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What Constitutes health in Ayurveda To be Established in Oneself

February 11th, 2021

Sama dosha sama agnischa sama dhatu mala kriyaaha |
Prasanna atma indriya manaha swastha iti abhidheeyate ||
—Sushruta Samhita

Being "established in oneself" in Ayurveda is the definition of health. That, in essence, means being balanced in one’s prakruti, or original nature. Any sickness, negative emotional state, or disease state is seen ayurvedically as an imbalance, or vikruti, a shift away from one’s innate nature. Your prakruti is the combination of elements in you at your birth. A modern translation might be termed your genome expression. This combination is also known as your dosha - which is a unique combination of space, air, fire, water, and/or earth. Important to note is that we are the microcosm of nature, which is the macrocosm, and these elements make up everything else in nature as well. These 5 elements are combined into 3 doshas which are vata (air and space), pitta (fire and some water), and kapha (water and earth). Essential to health is knowing your prakruti (a.k.a. your doshas) and living, as much as possible, in that balanced state.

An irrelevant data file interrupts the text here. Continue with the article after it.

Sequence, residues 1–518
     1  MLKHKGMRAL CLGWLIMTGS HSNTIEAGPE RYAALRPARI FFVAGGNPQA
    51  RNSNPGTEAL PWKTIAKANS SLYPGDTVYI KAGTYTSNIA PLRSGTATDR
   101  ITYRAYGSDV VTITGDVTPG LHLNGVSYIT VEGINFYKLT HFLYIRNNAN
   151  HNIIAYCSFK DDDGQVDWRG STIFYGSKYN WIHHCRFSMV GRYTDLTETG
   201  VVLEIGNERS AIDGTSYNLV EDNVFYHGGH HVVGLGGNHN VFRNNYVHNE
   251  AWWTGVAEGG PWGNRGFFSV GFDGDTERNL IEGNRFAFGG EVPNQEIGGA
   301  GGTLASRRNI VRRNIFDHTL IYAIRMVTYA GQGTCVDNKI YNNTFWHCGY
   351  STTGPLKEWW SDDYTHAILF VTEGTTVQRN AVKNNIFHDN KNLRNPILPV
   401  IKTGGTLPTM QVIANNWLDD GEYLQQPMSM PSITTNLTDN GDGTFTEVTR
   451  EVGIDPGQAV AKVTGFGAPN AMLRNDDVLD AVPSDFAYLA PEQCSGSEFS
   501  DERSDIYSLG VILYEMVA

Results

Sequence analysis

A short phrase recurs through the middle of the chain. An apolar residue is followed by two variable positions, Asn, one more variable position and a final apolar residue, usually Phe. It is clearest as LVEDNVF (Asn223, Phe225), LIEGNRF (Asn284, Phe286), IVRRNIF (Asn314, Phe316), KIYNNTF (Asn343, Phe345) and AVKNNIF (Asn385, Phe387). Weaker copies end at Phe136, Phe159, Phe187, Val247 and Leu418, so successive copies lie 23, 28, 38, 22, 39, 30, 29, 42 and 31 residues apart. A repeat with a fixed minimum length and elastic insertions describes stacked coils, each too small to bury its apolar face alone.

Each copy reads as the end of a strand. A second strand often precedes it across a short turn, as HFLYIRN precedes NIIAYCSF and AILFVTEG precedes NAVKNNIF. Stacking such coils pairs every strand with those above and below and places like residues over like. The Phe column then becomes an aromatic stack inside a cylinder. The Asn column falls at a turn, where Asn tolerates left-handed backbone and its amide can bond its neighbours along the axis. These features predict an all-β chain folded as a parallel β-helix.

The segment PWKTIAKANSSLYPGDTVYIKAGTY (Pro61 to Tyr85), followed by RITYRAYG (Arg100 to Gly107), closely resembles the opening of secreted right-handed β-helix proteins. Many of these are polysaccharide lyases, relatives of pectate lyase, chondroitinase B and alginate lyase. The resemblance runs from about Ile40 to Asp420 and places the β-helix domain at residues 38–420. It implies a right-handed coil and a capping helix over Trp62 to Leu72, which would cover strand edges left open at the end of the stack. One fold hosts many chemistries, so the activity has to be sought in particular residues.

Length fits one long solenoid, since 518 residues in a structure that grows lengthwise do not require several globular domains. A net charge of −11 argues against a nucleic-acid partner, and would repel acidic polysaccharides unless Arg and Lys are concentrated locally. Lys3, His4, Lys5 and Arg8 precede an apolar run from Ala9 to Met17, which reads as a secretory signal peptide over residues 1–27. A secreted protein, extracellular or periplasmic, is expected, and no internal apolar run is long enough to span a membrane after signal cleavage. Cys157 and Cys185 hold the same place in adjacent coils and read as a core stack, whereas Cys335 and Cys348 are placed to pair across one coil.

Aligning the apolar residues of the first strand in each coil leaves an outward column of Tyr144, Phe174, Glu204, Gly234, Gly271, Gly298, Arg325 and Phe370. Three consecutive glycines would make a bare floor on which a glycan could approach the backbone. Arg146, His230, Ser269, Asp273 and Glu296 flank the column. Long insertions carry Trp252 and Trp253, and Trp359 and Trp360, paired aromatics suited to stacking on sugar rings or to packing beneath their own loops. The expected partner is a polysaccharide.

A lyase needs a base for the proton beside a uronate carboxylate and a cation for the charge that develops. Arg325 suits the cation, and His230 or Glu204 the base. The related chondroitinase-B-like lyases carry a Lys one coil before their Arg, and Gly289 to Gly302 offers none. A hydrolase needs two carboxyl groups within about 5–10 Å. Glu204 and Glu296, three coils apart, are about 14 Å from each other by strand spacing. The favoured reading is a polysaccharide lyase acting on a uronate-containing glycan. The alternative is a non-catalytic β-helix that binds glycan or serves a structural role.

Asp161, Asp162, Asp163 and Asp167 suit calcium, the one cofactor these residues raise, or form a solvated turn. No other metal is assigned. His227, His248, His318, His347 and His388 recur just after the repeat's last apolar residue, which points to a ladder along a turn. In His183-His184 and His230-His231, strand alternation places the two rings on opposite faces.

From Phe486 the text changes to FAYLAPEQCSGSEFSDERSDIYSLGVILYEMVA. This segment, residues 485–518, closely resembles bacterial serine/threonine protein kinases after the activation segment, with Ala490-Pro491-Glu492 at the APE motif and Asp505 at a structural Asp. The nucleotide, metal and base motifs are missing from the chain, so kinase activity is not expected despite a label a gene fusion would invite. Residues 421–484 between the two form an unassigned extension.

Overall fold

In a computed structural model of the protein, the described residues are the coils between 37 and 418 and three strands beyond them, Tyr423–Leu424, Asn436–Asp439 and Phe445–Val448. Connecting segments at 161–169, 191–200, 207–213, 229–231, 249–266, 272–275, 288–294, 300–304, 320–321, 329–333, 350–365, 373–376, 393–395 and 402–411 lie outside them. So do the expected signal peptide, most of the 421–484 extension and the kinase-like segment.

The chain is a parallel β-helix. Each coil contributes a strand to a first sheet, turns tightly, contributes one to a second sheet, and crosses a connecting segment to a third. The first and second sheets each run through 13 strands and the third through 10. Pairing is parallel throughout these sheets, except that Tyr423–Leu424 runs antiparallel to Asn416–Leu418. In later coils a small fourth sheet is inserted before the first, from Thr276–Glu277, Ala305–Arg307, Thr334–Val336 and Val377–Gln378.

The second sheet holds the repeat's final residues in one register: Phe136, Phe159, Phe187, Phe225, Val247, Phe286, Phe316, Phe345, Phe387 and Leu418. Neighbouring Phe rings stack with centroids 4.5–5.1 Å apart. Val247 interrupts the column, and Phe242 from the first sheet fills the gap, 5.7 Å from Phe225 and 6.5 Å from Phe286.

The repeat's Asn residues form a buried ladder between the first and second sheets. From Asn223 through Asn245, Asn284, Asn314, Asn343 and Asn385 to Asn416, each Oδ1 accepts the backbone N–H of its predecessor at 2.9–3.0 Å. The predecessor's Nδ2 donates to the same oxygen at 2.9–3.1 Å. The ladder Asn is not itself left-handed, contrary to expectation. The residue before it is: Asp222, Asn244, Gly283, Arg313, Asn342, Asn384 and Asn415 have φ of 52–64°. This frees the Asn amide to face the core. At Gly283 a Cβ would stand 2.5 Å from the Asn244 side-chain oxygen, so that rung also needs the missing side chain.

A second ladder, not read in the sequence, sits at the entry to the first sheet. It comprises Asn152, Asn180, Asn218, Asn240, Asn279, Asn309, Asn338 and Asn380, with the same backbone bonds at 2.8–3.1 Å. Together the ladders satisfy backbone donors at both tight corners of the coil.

In addition, being "established in oneself" (i.e. healthy) also means having balanced agni, or digestion and assimilation of nutrients and experiences, which leads to healthy tissues, or dhatus, and has an end result of healthy ojas, or vigor, vitality and contentment.
Health also includes healthy excretory functions -- urination, defecation, and sweat production all working in perfect order.
And, finally, "established in oneself", or health, includes a pleasant and contented state of mind, senses and emotions.